It was no surprise that after Carson published "Silent Spring," she came under attack by the chemical industry, and some in the government even accused her of being an "alarmist." But she remained strong and spirited and continued to speak out against what she believed was a threat to the natural world.
What Carson was private about, however, was she was also fighting another battle —breast cancer. And she was terrified to let the public know. When she testified before Congress soon after publication of "Silent Spring," she was wearing a wig to hide her balding head, a side effect of radiation treatments.
Just two years after "Silent Spring," she died of metastatic breast cancer. She was just 57 [source: silentspring.org]. She had worked through incredible pain and illness to complete her last book and her partner Dorothy Freeman would later maintain that "Silent Spring" had killed her.
But before she died, Carson wrote that she was thinking about her next book — it was going to be about the mysterious rise in sea levels. If only she had lived. Given the extraordinary influence of "Silent Spring," it's hard not to think that Rachel Carson might have been able to publicize the dangers of climate change decades before it became a global concern.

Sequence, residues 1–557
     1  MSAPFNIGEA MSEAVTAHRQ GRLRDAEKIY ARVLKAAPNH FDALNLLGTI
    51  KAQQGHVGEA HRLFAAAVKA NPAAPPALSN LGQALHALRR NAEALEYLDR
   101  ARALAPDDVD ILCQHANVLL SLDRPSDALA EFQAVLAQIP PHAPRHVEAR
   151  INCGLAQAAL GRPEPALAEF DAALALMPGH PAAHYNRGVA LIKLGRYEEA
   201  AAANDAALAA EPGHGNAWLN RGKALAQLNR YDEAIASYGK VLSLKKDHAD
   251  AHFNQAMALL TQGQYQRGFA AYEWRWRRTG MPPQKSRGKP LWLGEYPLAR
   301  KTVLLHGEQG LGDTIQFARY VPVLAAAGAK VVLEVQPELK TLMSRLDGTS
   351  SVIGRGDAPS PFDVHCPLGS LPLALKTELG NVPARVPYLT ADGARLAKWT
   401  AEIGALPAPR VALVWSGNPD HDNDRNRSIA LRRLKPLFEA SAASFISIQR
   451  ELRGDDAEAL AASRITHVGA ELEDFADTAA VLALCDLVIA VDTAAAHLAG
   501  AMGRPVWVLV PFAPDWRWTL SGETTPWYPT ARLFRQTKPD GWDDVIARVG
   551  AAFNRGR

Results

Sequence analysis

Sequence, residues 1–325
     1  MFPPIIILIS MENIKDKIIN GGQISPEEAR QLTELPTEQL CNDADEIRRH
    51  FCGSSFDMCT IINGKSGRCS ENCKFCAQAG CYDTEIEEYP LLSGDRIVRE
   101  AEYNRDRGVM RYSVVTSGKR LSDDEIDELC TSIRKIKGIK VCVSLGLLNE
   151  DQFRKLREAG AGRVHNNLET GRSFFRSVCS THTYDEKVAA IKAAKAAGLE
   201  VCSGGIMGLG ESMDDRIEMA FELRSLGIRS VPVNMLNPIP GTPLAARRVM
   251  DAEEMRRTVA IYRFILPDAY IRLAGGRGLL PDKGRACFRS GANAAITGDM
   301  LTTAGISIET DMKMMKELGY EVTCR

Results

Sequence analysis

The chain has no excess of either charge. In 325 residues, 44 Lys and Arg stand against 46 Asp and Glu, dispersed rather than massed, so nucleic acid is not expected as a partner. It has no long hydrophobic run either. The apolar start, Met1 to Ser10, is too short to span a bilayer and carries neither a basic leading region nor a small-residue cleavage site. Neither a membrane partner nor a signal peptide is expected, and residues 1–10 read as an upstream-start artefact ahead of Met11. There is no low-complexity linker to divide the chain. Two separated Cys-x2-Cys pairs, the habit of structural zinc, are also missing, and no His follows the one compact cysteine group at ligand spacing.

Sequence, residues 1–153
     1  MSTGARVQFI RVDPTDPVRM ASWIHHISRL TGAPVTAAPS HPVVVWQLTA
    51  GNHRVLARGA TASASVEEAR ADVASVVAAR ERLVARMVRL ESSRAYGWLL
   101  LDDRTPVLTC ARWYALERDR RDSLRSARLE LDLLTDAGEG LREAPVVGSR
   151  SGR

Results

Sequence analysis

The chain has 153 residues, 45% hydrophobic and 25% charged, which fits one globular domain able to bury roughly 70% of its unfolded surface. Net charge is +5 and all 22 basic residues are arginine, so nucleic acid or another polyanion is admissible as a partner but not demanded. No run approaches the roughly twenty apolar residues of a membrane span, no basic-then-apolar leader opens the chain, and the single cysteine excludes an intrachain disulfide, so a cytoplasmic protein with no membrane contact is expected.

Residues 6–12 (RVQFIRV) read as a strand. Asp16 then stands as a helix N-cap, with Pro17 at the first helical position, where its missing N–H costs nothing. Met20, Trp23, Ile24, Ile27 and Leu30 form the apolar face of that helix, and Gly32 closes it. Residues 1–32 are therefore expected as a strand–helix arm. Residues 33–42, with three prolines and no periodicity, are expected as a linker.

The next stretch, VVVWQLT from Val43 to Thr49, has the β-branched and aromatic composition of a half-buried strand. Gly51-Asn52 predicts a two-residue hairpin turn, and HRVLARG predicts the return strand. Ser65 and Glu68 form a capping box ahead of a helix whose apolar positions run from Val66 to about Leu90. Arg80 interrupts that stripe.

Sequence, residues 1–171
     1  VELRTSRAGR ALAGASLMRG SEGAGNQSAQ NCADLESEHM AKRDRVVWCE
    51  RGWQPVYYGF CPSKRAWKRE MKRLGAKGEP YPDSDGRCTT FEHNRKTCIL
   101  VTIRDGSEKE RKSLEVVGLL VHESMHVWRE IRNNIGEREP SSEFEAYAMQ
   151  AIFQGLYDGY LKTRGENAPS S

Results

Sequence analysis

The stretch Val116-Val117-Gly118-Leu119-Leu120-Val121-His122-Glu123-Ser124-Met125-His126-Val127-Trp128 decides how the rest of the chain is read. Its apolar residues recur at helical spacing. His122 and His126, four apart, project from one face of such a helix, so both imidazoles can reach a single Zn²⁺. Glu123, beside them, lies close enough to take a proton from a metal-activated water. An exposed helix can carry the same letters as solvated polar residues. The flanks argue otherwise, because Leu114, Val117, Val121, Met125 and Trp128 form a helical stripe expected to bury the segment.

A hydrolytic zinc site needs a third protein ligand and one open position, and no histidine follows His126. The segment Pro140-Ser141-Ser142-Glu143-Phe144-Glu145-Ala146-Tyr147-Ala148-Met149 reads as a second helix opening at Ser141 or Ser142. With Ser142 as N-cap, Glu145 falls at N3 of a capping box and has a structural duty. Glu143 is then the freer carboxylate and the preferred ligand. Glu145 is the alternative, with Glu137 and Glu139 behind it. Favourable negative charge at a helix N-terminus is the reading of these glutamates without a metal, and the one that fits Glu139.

Adelbert Ames is a famous American biologist. Learn more about Adelbert Ames at HowStuffWorks.
Author's Note: 10 Things You Should Know About Rachel Carson
Growing up, I often heard mention of Rachel Carson and her seminal work, "Silent Spring," but I had no idea that long before she published that book, she was famous for her writings about the ocean. And I think it truly heroic that she was able to write with such force and clarity while undergoing the treatments and illnesses associated with terminal cancer. As one commentator noted, if she could do that, none of us has any excuse for putting off what needs to be done.